Gamification entails adding a game-layer to regular mundane tasks, and does not equate to playing games. However, there is much to learn from old-school, non-technological games. Read this blog to find out how to incorporate vital, timeless game elements within your organization to reach higher levels of employee engagement.
Articles, news and updates related to gamification by Gameffective
Gameffective, a leading workforce performance gamification company, announced today it has been recognized as one of four “Cool Vendors in Human Capital Management, 2016” by Gartner.
“We want to change how workforce performance and learning are managed, since this is what the market is telling us” said Gal Rimon, Gameffective’s Founder and CEO “As a startup, we’re always looking for validation of our vision and we feel Gartner’s recognition is a thrilling indicator we really are onto a way of changing performance, motivation and engagement, and we’re very grateful to receive it”.
We are all familiar with the famous rule – ‘it takes 21 days to form a new habit’. If you can just stick to those 21 days, resist the temptation or keep up the effort (in accordance with the habit that you’re trying to form), you’ll be fine. Well… apparently you won’t. And this is actually a good thing.
The human brain is unbelievably complex, but sometimes we’re able to find simple “hacks” that can really improve our lives. Jane McGonigal wrote about a hack like this a few weeks ago in Lifehacker.com (it’s an excerpt from her excellent book, SuperBetter). Apparently, attempting to make a prediction about your day is one of the most reliable ways to activate the part of our brain which is responsible for rewards. McGonigal says these predictions can be anything, from how many emails you’ll get in the next hour, to how many red cars you’ll see on the road. Every prediction we make increases the level of dopamine in our brains, and dopamine is the neurochemical responsible for happiness, as well as motivation, learning and desire. This post is about using betting/wagers in an enterprise gamification implementation.
Oren Stern is Senior VP of Product Strategy at Verint. We met him speak about gamification and Employee Engagement Management. He describes his views on the use of gamification in B2C verticals, covering everything from telecommunications to financial services, and even government. Employee engagement is important for any vertical, but especially when employees do customer facing work in a transactional environment. Studies show that more engaged employees drive more successful organizations with better business results.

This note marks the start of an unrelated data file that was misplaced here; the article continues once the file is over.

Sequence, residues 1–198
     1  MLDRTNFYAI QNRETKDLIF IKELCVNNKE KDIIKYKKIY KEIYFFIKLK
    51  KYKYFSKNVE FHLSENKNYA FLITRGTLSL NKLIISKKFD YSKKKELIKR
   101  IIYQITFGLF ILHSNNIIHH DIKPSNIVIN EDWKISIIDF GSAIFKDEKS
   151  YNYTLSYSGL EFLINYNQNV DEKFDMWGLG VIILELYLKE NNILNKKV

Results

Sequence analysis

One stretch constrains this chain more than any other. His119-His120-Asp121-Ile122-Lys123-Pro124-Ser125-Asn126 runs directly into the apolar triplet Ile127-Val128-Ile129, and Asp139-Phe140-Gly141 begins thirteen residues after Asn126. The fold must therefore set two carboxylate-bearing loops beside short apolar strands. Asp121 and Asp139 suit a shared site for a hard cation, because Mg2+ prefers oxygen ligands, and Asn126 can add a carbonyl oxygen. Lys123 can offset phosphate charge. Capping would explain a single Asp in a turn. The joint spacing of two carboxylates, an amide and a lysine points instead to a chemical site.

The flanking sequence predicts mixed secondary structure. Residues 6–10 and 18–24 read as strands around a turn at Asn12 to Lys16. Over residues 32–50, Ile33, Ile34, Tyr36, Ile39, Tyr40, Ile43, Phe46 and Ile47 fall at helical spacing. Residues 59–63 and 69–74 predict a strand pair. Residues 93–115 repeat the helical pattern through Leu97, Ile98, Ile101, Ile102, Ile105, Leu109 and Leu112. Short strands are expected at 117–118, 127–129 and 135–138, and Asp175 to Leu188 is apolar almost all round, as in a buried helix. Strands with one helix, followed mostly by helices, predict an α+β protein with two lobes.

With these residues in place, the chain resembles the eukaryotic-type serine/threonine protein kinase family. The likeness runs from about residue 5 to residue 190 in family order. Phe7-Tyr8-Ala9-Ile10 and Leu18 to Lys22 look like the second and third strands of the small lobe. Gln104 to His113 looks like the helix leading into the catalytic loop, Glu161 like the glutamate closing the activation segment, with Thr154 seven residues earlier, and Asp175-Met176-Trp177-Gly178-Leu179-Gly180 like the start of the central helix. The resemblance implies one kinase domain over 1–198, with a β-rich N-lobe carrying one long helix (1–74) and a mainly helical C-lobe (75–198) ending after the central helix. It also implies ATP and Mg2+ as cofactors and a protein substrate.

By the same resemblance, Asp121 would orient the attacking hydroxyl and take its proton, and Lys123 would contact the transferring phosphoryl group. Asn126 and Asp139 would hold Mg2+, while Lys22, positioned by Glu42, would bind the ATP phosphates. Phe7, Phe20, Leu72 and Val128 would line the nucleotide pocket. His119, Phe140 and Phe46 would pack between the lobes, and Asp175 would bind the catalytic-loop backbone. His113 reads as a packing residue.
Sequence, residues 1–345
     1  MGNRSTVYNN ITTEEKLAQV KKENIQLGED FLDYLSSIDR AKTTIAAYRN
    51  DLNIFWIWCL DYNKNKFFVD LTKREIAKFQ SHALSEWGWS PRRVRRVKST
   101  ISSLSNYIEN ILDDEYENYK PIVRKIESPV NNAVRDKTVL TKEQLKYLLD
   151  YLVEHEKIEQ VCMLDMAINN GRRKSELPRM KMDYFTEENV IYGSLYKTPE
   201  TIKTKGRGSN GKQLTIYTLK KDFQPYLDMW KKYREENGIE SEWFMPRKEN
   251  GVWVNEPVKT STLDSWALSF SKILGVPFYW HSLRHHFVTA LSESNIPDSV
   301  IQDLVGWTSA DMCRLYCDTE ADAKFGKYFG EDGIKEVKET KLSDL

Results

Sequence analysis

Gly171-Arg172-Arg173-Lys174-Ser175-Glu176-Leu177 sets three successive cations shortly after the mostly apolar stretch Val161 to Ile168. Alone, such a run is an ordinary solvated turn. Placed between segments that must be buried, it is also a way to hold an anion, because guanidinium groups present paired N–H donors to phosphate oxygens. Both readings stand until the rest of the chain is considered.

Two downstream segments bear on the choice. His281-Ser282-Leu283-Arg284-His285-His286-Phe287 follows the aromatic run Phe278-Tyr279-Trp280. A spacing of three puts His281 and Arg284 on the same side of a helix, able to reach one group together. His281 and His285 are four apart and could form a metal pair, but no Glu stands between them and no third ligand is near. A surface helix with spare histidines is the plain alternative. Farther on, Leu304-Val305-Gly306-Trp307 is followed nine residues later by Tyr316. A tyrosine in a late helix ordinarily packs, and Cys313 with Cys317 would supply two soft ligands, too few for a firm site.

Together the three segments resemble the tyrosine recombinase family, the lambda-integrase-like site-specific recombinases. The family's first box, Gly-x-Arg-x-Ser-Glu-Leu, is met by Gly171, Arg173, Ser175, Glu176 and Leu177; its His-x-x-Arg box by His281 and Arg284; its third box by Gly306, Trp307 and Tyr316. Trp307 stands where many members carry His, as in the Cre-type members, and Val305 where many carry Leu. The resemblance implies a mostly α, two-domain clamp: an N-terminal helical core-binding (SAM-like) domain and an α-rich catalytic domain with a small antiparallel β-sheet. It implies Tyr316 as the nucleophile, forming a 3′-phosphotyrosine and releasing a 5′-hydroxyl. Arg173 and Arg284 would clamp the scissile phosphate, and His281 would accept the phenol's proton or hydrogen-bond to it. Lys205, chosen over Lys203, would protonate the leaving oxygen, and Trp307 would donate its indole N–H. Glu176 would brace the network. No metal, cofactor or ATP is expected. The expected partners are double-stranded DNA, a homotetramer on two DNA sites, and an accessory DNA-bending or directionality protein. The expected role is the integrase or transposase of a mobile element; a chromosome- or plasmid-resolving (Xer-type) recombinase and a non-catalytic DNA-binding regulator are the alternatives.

We typically discuss gamification in the context of changing performance and culture in a company. But sometimes gamification is about getting the software adoption ball rolling. Because – guess what – when you have enterprise software and no-one is using it, you first need to get adoption right before you talk about change management.
That was the case for a large customer of ours. They wanted to implement Remedy BMC IT in their organization. There was one catch: employees didn’t use it. Luckily for them, we had an enormously successful gamification implementation.
The world of enterprise gamification has two oft-quoted statistics, and they are quoted all too often. The first often-quoted statistic is that about 70% of employees are disengaged.The second most quoted statistic about gamification comes from Gartner. In late 2012, at the top of the hype cycle about gamification, Gartner came out with a press release titled “80 Percent of Current Gamified Applications Will Fail to Meet Business Objectives Primarily Due to Poor Design”. This is the second most quoted statistic. We decided to take a look at Gartner’s report then and see how it fared.
’ve just finished reading Brian Burke’s book “Gamify – How gamification motivates people to do extraordinary things”. The book is divided in to two parts – the first deals with what the value of gamification is and what makes it important, while the second part talks about designing a gamified player experience. Burke builds on his experience as an industry analyst in the field of information technology for enterprises, where he covered everything from enterprise architecture to gamification. In the book he gives his view of what gamification is really about, what’s the right way to go about it, and what are some of the common mistakes to avoid when trying to implement gamification mechanics.
Since Burke’s pioneering 2012 gamification report at Gartner was visionary and foresaw a lot of today’s enterprise gamification , I thought reading his book would be an interesting experience. It was and I highly recommend it.
What is gamification about? Is it a long term or short term project? Is it about just getting people to use enterprise software – so it won’t lie idle – or is it about something deeper?
Done well, gamification provides context, calls-to-action and a sense of meaningful work to employees – but the core question remains. How can companies get to the “gamification done well” phase? Some of it lies in good gamification design, using sound principles within the context of an organization or role and the desired employee behaviors. But some of it lies in using gamification analytics properly – and this is the core of this blog post.